In previous posts I’ve discussed the need to “move up the stack” with reference to the way we manage data. To recap, what we mean here is focusing less on the bits and bytes of how data is stored and moving more to the curation of content. In this post, I’ll explore more how we could actually achieve more if we had a greater amount of end-to-end intelligence in our storage stack.
Blame the LUN
In many respects we can look at today’s hardware platforms and recognise that the industry has come a long way in making storage hardware reliable. At the lowest commodity layer, hard drives have increased in reliability, with MTBF values of between 1.2 and 2 million hours, depending on the product family you choose (note that device choice is important if you are using drives in bulk, as this Backblaze blog post shows). The myth of short-lived flash drives is also being debunked again and again, when choosing the right product, device longevity is good (manufacturers are offering products with 50+ DWPD – device writes per day).
So, with increasingly reliable hardware, the capacity under management per head in storage teams has been able to increase significantly from tens of terabytes to hundreds of terabytes and potentially petabytes per storage administrator, depending on factors such as the variance of the data and churn of the provisioning/decommissioning process.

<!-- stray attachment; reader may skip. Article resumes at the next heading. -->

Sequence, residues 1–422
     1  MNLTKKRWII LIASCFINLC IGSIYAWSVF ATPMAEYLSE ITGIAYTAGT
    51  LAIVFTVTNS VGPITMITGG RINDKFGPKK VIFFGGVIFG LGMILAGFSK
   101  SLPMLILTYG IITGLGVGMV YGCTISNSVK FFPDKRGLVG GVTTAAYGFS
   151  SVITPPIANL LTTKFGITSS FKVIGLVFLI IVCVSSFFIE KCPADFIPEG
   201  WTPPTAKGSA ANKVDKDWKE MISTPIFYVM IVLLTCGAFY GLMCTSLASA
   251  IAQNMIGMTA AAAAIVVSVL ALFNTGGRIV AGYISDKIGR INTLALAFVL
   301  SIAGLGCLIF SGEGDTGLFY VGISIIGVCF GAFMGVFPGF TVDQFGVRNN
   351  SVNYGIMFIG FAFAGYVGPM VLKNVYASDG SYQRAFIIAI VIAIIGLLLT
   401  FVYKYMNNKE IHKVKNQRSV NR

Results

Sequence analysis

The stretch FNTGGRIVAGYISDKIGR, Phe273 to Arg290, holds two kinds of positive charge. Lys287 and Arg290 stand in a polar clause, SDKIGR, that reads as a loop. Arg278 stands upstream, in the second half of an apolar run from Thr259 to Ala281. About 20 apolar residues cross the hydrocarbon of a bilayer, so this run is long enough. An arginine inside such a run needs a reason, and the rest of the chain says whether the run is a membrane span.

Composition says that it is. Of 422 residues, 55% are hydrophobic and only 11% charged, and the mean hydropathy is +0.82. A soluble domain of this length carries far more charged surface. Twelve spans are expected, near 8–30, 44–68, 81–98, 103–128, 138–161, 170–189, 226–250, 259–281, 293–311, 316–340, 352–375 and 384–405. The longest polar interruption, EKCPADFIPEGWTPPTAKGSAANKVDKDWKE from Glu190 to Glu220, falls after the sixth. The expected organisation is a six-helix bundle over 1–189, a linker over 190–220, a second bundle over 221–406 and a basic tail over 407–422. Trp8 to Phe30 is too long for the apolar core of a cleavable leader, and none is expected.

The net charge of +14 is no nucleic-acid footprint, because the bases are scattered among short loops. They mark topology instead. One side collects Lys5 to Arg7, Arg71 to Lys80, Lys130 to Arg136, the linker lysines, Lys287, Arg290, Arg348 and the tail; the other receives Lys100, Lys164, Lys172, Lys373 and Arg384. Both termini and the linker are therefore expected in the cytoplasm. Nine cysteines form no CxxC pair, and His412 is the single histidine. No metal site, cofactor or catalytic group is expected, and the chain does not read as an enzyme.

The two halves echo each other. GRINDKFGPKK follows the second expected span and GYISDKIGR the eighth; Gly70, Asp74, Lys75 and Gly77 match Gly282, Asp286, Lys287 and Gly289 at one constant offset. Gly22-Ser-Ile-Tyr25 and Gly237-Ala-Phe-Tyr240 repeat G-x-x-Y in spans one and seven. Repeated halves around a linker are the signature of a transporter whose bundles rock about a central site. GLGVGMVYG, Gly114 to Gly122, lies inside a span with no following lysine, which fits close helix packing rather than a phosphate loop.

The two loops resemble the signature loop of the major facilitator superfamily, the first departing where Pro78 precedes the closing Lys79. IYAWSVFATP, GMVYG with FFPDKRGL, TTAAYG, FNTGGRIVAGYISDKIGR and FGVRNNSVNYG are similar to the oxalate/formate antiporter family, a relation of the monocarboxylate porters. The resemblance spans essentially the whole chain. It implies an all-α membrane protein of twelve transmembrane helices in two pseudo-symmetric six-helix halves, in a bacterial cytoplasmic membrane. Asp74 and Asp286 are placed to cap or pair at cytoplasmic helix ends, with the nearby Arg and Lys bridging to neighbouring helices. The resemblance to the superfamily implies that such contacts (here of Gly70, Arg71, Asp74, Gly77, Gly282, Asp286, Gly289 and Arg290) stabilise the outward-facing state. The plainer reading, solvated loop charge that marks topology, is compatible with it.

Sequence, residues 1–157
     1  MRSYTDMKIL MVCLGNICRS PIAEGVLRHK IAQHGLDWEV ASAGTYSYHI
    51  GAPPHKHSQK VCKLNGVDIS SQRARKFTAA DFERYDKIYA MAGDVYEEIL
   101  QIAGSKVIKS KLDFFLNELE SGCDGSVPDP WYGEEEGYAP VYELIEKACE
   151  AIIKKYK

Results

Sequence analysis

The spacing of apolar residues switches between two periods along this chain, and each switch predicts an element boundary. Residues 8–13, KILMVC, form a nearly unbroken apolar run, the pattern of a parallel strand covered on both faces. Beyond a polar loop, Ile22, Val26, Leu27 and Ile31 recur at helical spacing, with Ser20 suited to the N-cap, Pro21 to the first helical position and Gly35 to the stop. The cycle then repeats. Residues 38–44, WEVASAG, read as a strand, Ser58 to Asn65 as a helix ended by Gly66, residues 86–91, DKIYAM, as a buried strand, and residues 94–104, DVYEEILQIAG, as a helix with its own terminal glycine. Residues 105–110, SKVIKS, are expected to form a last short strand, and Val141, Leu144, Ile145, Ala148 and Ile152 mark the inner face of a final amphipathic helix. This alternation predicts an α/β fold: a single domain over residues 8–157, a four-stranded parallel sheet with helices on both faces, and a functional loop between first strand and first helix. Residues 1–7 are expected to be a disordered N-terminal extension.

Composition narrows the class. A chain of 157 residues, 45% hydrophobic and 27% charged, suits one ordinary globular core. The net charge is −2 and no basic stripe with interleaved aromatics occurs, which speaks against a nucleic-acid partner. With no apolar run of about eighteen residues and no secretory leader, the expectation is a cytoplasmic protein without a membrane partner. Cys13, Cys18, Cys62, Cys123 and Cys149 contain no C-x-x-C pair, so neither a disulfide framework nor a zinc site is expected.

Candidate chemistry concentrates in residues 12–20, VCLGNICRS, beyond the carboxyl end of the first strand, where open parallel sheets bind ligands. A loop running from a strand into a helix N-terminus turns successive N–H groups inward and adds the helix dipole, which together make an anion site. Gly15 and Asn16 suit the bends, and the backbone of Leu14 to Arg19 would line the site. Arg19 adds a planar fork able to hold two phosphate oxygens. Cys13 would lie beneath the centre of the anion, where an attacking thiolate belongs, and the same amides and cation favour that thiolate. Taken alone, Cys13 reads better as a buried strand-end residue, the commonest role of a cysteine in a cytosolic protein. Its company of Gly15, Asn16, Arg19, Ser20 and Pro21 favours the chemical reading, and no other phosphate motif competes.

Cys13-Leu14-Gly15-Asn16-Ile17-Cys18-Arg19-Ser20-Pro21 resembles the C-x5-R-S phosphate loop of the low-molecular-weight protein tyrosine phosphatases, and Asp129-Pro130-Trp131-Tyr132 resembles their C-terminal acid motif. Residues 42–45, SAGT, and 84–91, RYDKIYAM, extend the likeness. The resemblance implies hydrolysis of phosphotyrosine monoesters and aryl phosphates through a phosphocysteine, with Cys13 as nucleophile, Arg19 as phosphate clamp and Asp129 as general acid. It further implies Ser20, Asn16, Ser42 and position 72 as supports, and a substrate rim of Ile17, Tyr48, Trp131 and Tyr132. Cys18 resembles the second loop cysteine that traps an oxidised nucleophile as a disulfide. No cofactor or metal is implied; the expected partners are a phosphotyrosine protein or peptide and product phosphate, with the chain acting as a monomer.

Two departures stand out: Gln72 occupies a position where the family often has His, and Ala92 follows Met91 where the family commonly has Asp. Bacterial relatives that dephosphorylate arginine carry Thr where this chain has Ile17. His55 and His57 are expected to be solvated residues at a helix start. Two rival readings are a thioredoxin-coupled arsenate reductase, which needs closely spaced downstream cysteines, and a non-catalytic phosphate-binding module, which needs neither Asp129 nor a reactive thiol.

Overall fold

At a basic level the physical management of storage, although precarious to a degree, is relatively under control. Despite the doom and gloom stories of “exponential” growth, storage teams somehow manage to keep the lights on and data accessible, while lines of business somehow manage to justify budgets to acquire more hardware. However without decent tools (as intimated in Jason’s recent post) we are stuck relying on human skills to identify and retain valuable data. Using humans to manage data is however a non-scalable solution; we can’t exponentially scale teams to match data growth, especially as the value within the data is likely diminishing in inverse proportion to the growth itself. This means we still need some methodology of filtering content. The inability to do good automated data management is being exacerbated by continuing to store data on the fundamental building block of the LUN.
A LUN or volume is in essence a chunk of raw storage capacity. It may be protected (RAID) and optimised (thin provisioning, compression, dedupe) but it has no inherent intelligence at the data level. The LUN has served us well for 20-30 years but it’s time to move on.
Without concept or understanding of the underlying data, storage arrays can’t provide data management features. At best, shared storage arrays can optimise the data flow (caching frequently accessed data) or optimise the data placement (moving frequently accessed data to faster tiers of storage). However, data stored on LUNs has no inherent metadata, preventing the array from making intelligent choices on managing the content.